This section draws from background developed in Section 1.1 and in particular in Subsection 1.1.1. Nevertheless, we will need to indulge in some repetition here, aiming to make this section self-sufficient on one hand, and, on the other, making the underlying logic that we use and discuss here more formal than we managed to get away with so far,101 since in the present section logic will not be just a tool, but primarily will be an object for study—precision is called for!

We will prove here a semantic version of Gödel’s first incompleteness theorem that relies on computability techniques. In this form the theorem states that any “reasonable” axiomatic system that attempts to have as theorems precisely all the “true” (first-order) formulae of formal arithmetic102 will fail to be complete in this sense: There will be infinitely many true formulae that are not theorems. Imitating Cantor’s separation of infinities of sets, between “small” (enumerable) and “large” (non-enumerable) we will show that the set of true formulae of arithmetic is “computably large” (non c.e., indeed, productive) while the set of provable formulae is “computably small” (c.e.). Thus the two cannot coincide.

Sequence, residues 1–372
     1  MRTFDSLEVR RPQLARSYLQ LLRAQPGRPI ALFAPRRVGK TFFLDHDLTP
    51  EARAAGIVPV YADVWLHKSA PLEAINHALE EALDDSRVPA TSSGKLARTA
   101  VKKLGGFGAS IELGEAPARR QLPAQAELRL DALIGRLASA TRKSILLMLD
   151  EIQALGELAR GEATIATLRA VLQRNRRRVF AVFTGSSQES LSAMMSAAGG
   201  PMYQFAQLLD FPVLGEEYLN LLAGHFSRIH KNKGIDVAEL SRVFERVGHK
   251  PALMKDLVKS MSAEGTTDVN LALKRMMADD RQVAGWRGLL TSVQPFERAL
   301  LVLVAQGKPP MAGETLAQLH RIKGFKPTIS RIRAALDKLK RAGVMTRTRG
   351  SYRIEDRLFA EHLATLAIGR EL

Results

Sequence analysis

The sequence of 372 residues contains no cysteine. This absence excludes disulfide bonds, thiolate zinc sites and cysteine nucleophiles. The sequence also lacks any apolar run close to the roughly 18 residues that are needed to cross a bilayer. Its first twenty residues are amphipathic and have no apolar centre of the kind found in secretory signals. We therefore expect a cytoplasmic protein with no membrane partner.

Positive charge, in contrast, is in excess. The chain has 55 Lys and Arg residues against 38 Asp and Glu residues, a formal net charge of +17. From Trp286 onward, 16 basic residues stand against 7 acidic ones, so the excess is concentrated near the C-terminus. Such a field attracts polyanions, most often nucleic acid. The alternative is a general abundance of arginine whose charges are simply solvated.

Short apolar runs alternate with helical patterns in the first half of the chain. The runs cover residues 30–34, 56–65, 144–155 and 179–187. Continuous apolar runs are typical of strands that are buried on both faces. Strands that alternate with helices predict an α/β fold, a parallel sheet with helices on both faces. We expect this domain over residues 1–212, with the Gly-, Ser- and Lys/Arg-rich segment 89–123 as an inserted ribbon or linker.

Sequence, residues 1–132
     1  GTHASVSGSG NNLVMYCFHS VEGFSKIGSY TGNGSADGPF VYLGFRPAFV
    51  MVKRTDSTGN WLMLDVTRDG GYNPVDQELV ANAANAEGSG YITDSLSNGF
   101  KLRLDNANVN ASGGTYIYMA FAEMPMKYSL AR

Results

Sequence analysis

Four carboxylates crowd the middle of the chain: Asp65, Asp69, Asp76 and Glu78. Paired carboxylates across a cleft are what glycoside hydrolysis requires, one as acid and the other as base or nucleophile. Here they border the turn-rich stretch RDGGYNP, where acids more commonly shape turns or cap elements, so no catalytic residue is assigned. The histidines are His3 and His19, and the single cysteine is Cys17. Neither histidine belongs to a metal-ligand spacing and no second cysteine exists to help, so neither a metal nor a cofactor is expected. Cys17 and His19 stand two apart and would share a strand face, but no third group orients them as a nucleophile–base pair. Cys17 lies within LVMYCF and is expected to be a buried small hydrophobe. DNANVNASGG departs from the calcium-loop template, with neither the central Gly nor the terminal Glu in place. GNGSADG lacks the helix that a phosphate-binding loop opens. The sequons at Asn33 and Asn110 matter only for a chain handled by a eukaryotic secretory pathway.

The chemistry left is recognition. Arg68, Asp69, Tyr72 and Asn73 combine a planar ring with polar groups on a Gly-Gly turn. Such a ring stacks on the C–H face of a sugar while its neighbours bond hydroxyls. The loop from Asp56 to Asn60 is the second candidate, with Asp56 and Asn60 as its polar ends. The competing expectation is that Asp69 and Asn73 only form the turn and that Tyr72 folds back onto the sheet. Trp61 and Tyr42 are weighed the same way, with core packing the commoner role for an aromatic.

The qualifier reasonable could well be replaced by practical: One must be able to tell, algorithmically, whether or not a formula is an axiom—how else can one check a proof, let alone write one? “True” means true in the standard interpretation of the abstract symbols ...

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